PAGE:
Piscivores (Fish Eaters)
Chinook salmon (Oncorhynchus tshawytscha). Pacific salmon species stocked as a trophy fish and to control alewife. Rainbow trout or Steelhead (Oncorhynchus mykiss). A lake strain of non-native rainbow trout, rarely found deeper than 35 feet. Supplemented by stocking. Brook Trout (Salvelinus fontinalis). Native, and is Michigan’s state fish. Found in the Great Lakes and throughout the state in many creeks, streams, rivers, and lakes. They require cool, clear, spring-fed streams and pools. Eat zooplankton, crustaceans, worms, fish, terrestrial insects, and aquatic insects. Lake trout (Salvelinus namaycush). Nearly eliminated by sea lampreys during the 1950s and 1960s. Stocking and lamprey control are resulting in its resurgence. Walleye (Stizostedion vitreum). Carnivorous night feeders, eating fishes such as yellow perch and freshwater drum, insects, crayfish, snails, and mudpuppies. Burbot (Lota lota). Elongated, cylindrical, freshwater codfish.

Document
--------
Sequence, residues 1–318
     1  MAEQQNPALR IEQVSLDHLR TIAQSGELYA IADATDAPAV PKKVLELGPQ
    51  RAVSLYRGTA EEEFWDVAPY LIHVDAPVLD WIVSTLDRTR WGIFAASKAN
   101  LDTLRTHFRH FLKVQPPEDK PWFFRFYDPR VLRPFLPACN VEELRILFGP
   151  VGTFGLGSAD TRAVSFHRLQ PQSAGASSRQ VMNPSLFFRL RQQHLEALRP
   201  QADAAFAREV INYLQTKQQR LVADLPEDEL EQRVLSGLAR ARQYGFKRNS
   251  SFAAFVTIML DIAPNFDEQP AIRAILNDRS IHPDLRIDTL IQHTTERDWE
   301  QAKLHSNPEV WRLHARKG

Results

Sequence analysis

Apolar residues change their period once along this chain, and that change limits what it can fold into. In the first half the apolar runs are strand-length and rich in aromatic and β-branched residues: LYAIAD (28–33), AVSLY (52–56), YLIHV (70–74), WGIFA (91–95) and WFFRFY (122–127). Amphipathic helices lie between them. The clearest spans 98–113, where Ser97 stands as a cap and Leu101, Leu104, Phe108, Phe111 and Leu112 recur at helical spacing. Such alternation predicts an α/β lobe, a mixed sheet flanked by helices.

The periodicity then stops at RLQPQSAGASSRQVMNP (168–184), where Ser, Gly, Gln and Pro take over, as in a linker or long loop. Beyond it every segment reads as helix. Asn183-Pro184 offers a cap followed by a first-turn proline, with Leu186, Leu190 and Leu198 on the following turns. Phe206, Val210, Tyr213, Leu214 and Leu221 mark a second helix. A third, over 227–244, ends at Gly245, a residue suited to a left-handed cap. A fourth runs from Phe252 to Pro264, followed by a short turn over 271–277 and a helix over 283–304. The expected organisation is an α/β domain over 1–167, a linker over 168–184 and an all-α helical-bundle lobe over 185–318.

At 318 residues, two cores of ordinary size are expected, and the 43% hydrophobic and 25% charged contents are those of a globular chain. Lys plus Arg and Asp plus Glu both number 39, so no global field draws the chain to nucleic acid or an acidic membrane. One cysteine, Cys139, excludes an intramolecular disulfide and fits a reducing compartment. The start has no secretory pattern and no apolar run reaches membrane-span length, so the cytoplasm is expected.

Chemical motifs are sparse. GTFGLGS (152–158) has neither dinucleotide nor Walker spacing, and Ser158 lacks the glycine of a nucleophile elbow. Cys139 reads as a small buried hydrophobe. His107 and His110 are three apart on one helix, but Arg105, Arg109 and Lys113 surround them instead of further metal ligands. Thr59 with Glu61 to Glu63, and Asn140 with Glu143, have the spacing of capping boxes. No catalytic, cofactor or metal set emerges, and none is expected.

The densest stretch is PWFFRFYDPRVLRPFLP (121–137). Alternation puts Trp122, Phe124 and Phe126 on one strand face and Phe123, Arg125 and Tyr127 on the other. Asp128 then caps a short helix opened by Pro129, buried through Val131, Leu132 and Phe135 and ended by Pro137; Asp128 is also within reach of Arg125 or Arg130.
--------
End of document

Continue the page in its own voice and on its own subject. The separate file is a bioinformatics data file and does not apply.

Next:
Zooplankton (Microscopic animals found in the water column)
Invasive Spiny waterfleas (Bythotrephes longimanus). Visual raptorial predator that can depress native waterflea populations. Native Raptorial waterfleas (Leptodora kindtii). Slow moving and patchy distribution of small swarms at relatively low numbers. Cyclopoid copepods (e.g., Cyclops bicuspidatus). Carnivorous copepods that feed on rotifers and other microzooplankton. Native waterfleas (e.g., Daphnia galeata). Filter-feeding waterfleas that can be important for controlling phytoplankton. Calanoid copepods (e.g., Diaptomus spp.). Omnivores that feed on both phytoplankton and microzooplankton. Rotifers. A diverse group of microzooplankton that, depending on species, feed on phytoplankton, detritus, or other microzooplankton.

Forage Fish